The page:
For Christian women, I think the course of action that is wisest, most loving toward other men, and most God-honoring is to pursue modesty. I do think women can breastfeed in public and I would urge Christian women to do so with a cover. Yes, this is inconvenient. Yes, this is a lot of extra work. My wife and her friends say breastfeeding in public is a huge challenge. They say their babies can’t stand being under a blanket. They say their babies flail around and end up accidentally pulling the cover aside anyway. They say it is a lot of extra work and can be a real pain. However, they believe that no matter the inconvenience, it is the Christian mother’s responsibility to find a way to be modest. I agree. I think using a cover is the wisest, most loving course of action. Although the Bible never directly addresses this topic, Paul says that Christian women should adorn themselves in respectable apparel, with modesty, self-control, and the good works that are proper for women who profess godliness (1 Timothy 2:9-10). Even though it is becoming more culturally acceptable to breastfeed uncovered, Christians are commanded not to conform to the pattern of this world (Rom. 12:1-2) and I think modesty is one of the biggest areas where Christian women can be non-conformists. That’s right, be a rebel! Is modesty worth preserving in a culture gone immodest? If it is, then it will come at a price.

Ultimately, my aim here is to simultaneously affirm the beauty and normalcy of breastfeeding while encouraging Christian women to honor God and love their brothers by pursuing modesty. Breastfeeding is a good thing; so is modesty. Both are worth the sacrifice. I realize this is a controversial topic, and I encourage all Christian women everywhere to pray over this issue and conduct themselves in such a way as to be completely blameless.

Some big announcements

God has been doing some amazing things in our family lately and I wanted to share them with you.
First, and most exciting, Connie is pregnant. We thought it would be fun to announce it today on Facebook to create a little stir. But rest assured, faithful reader, that Connie is indeed pregnant! In fact, she’s already started showing a little bit; it’s incredibly cute! The photo we used to announce it is too fun not to share here:

Please pray for Connie & baby’s health. She’s due early November, so it would be fun if baby and I shared birthday dates.

Another big announcement is that I’m going to stop attending seminary for a season. I originally began seminary pursuing a Masters of Divinity and have recently realized that it’s probably not the degree I need for the specific ministry role to which God is directing me. Rather than being the preacher on the stage, I feel like God is pushing me to be the man behind the scenes making sure that all the volunteers have what they need, that the electric bill has been paid, etc.
With that in mind, I recently began the application process for an MBA program at George Fox University. Truth be told, I would study theology whether I got a seminary degree in it or not, but I would probably not study corporate finance or organizational development unless I forced myself to do so. This is why I think the MBA program will equip me with a skill-set that I wouldn’t get elsewhere but will serve the Church well. Please pray for that process and ask God to grant me wisdom as I move forward.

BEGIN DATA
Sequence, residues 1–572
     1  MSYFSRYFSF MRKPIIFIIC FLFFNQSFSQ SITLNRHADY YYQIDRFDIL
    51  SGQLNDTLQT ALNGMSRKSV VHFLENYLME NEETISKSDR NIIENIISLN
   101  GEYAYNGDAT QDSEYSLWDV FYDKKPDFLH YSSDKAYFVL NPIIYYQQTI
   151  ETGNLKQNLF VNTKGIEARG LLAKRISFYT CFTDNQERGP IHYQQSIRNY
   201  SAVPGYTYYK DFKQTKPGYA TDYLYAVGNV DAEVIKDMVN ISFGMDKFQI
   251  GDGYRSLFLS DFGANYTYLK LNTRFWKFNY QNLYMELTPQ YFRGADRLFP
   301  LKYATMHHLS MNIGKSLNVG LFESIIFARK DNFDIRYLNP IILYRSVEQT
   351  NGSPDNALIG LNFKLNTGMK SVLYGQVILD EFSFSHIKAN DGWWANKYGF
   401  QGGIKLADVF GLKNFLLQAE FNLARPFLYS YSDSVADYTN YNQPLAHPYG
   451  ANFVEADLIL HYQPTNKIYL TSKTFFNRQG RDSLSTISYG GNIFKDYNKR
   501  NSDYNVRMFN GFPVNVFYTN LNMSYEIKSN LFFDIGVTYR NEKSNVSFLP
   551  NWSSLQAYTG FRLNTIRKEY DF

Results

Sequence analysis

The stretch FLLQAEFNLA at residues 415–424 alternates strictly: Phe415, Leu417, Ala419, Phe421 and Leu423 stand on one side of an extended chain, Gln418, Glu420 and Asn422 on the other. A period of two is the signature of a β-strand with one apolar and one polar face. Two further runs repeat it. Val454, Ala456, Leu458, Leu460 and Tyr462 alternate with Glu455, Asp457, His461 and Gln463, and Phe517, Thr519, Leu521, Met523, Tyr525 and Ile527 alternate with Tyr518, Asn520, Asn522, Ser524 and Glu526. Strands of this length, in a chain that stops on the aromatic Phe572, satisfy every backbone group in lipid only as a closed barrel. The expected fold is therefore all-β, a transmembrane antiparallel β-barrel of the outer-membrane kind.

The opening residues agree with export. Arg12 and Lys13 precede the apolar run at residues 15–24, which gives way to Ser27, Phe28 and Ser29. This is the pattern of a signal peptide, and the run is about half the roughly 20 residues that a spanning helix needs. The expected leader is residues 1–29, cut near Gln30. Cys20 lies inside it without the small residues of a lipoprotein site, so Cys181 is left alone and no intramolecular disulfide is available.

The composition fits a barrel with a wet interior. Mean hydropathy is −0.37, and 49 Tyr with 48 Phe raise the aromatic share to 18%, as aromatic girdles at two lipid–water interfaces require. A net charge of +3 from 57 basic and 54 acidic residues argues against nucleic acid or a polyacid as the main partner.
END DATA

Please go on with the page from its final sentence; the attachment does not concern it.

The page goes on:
Finally, this week I start a new job installing hardwood floors! As I transition from full- to part-time school with another child on the way, God has provided a job that will pay the exact dollar amount necessary for us to meet our needs. This is an answer to our family’s recurring prayer that God give us neither poverty not riches (Pr. 30:7-9). Another bonus is that Connie will be able to stay home with our children indefinitely, which is very important to us. Also, this job will help me accomplish one of my long-term goals: learn a trade!

Connie & I are excited about all these changes and look forward to watching God at work during this new season of life. God is good and has recently reminded me that He will provide for His children.

C.S. Lewis on Death

This seems like a supremely appropriate quote for Good Friday:

“On the one hand Death is the triumph of Satan, the punishment of the Fall, and the last enemy. Christ shed tears at the grave of Lazarus and sweated blood in Gethsemane: the Life of Lives that was in Him detested this penal obscenity not less than we do, but more.
On the other hand, only he who loses his life will save it. We are baptized into the death of Christ, and it is the remedy for the Fall. Death is, in fact, what some modern people call “ambivalent.” It is Satan’s great weapon and also God’s great weapon: it is holy and unholy; our supreme disgrace and our only hope; the thing Christ came to conquer and the means by which He conquered.”

– C.S. Lewis, Miracles


All men dream…

All men dream: but not equally. Those who dream by night in the dusty recesses of their minds wake in the day to find that it was vanity: but the dreamers of the day are dangerous men, for they may act their dreams with open eyes, to make it possible.

T. E. Lawrence (aka Lawrence of Arabia)

E.M. Bounds on Faith

Faith is not an aimless act of the soul, but a looking to God and a resting upon His promises. Just as love and hope have always an objective so, also, has faith. Faith is not believing just anything; it is believing God, resting in Him, trusting His Word.

Edward M. Bounds, The Necessity of Prayer
(Oak Harbor: Logos Research Systems, Inc., 1999).